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Industry outlook darkens as Asian suppliers slash production

Asian handset and component suppliers are cutting production, throwing a shadow over the mobile industry outlook as the global economy slows.

While it is being driven mostly by the COVID-19 lockdowns in China that have shuttered factories and reduced domestic demand, Taiwan analyst Ming-Chi Kuo says it is also a sign of falling demand globally.

Big Chinese brands, including Xiaomi, Oppo and Vivo, have slashed 100 million units from their 2022 forecasts since the end of March, Kuo has revealed, pointing out that the second half of the year is the peak season for smartphone sales.

Besides handset makers like Xiaomi, Samsung, Oppo and Vivo, key chip suppliers, MediaTek and Qualcomm, are also dialing back.
 (Source: SOPA Images Limited/Alamy Stock Photo)
Besides handset makers like Xiaomi, Samsung, Oppo and Vivo, key chip suppliers, MediaTek and Qualcomm, are also dialing back.
(Source: SOPA Images Limited/Alamy Stock Photo)

The respected analyst said his latest survey of suppliers also found a 20%-30% drop in orders for smartphone camera components for Q3.

'Weak demand'

He said the big cut in production by Chinese Android brands represented "weak demand" in Europe and emerging markets as well as in China in the face of COVID-19.

Besides the handset players, the two key chip suppliers, MediaTek and Qualcomm, are also dialing back.

MediaTek has cut 4Q22 orders by 30%-35%, mainly for mid-to-low-end chips, while Qualcomm has trimmed orders of high-end Snapdragon 8 chips by 10%-15% for the second half.

That is a turnaround for Qualcomm. Just a month ago, executives told analysts that they were confident the softening market would affect just the low-end of the market, with little impact on Snapdragon's premium chips.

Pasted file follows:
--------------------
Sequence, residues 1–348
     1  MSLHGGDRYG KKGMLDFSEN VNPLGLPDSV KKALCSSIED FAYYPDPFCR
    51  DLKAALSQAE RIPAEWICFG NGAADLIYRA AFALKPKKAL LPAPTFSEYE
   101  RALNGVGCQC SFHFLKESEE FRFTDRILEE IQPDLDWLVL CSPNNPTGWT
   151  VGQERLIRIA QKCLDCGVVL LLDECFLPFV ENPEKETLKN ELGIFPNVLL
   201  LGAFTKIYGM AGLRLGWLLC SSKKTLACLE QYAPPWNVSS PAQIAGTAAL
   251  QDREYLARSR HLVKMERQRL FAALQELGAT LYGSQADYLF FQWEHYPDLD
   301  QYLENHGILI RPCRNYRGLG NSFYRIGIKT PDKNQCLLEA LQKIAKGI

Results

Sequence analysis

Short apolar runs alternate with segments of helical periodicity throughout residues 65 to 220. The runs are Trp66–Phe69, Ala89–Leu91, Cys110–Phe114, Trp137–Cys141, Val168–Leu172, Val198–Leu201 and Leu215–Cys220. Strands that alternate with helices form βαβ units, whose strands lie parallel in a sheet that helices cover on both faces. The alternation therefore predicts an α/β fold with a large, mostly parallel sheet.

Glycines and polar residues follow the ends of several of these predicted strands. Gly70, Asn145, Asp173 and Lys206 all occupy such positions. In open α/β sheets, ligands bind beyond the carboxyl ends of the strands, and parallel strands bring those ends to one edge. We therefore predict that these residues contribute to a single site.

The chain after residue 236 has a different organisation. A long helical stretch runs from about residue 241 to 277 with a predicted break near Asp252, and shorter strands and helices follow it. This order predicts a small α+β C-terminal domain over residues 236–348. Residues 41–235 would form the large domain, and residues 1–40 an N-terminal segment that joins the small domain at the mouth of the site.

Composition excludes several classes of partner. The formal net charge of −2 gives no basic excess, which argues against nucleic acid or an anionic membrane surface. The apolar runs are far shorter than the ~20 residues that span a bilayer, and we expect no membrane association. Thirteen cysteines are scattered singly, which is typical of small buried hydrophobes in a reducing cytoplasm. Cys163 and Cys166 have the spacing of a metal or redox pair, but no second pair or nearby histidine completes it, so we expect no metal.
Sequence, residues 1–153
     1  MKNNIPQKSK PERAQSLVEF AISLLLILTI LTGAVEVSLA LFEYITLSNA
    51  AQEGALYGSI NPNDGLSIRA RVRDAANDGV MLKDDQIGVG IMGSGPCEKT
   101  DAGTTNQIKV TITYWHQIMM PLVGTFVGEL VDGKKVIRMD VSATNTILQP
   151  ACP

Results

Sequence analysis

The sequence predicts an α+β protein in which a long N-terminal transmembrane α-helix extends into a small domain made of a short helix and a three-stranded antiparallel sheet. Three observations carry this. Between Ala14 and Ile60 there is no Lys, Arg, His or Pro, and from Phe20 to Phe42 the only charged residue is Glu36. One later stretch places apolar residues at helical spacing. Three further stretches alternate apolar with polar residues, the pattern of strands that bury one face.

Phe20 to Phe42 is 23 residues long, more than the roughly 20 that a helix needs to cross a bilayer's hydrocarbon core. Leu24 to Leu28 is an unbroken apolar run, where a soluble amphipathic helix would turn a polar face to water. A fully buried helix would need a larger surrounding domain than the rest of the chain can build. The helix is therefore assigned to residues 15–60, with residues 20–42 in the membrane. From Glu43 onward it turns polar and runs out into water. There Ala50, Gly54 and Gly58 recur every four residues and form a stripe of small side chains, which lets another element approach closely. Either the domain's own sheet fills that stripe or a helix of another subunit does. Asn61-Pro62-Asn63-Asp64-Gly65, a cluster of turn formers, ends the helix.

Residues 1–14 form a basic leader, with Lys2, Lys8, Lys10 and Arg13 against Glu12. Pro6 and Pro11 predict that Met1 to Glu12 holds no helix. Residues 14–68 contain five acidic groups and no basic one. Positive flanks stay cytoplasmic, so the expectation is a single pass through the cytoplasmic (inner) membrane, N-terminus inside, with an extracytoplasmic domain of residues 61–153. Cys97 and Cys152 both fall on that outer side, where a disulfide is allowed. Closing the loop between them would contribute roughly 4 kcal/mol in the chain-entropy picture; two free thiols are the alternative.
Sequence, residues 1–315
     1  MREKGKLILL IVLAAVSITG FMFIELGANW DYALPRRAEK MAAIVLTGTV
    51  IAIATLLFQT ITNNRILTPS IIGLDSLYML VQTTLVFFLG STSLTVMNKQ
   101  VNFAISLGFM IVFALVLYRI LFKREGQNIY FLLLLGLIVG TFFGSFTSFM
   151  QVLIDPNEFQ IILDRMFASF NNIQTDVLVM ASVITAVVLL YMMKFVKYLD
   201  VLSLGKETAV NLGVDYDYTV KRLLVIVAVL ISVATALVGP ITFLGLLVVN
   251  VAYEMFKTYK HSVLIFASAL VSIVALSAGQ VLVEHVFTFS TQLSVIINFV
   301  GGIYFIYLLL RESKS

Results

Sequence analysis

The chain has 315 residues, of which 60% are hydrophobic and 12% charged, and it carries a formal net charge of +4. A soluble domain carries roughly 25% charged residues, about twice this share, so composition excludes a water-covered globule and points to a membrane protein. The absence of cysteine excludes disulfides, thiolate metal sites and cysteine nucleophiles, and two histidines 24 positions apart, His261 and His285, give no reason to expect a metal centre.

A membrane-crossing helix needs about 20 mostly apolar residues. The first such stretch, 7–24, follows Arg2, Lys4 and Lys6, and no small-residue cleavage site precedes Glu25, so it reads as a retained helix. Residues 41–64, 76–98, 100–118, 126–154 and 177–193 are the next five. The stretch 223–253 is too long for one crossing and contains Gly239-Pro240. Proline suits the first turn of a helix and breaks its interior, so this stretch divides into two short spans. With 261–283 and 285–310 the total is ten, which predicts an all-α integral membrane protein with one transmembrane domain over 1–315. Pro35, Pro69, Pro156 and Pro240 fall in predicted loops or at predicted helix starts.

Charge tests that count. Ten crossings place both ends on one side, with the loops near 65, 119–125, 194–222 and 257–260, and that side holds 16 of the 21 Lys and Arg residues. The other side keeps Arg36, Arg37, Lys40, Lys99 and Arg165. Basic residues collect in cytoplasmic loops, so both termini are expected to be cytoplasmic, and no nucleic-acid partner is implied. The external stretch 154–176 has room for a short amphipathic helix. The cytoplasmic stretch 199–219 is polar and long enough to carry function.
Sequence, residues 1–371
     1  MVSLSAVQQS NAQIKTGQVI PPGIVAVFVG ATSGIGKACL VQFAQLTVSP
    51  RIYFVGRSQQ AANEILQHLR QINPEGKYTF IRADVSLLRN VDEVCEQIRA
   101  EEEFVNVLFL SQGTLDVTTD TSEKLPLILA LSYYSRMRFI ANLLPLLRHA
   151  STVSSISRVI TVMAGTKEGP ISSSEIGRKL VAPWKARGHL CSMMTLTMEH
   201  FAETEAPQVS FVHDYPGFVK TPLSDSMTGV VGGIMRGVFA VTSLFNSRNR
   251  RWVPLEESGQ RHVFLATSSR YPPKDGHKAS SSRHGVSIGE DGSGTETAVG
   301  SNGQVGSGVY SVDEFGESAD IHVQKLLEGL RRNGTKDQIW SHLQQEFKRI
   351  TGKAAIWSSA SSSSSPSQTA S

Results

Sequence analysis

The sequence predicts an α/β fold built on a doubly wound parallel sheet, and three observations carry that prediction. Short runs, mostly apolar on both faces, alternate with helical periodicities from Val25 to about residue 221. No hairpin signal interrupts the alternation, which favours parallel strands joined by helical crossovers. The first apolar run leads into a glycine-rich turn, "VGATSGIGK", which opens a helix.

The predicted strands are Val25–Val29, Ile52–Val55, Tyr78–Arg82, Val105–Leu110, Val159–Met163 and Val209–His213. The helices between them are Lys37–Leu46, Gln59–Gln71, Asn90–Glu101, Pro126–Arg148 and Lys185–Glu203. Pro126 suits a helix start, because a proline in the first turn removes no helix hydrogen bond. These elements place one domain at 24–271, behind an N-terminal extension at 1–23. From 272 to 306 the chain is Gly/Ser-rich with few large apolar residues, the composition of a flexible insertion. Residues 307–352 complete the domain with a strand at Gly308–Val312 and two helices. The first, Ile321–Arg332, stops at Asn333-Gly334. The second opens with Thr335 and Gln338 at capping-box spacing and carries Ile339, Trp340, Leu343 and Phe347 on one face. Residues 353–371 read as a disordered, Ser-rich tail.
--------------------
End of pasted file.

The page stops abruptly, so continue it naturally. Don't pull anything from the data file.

Kuo said that because of the longer lead time for 5G chips, the lower second half orders from MediaTek and Qualcomm imply that demand may not improve until Q1 2023.


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He points out that Samsung also cut 2022 smartphone forecasts by about 10% to 275 million. By comparison, the outlook for iPhone shipments remains stronger, Kuo says.

But it's not just demand for handset components that is losing steam.

In Taiwan, some chip design firms have cut production by as much as 20%-30% because of the fall in demand, the Taiwan Economic Daily reports.

An industry source revealed that it had been necessary to cut orders to control inventory, the paper said.

Just a few months ago, a number of consumer chip companies increased production capacity because of global shortages. Now they are dumping that extra capacity as they try to manage inventories and pricing.

A research note by ING says that Taiwan semiconductor production grew just 0.5% in April month-on-month while computers and LED panels fell 21% and 17%, respectively.

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— Robert Clark, contributing editor, special to Light Reading

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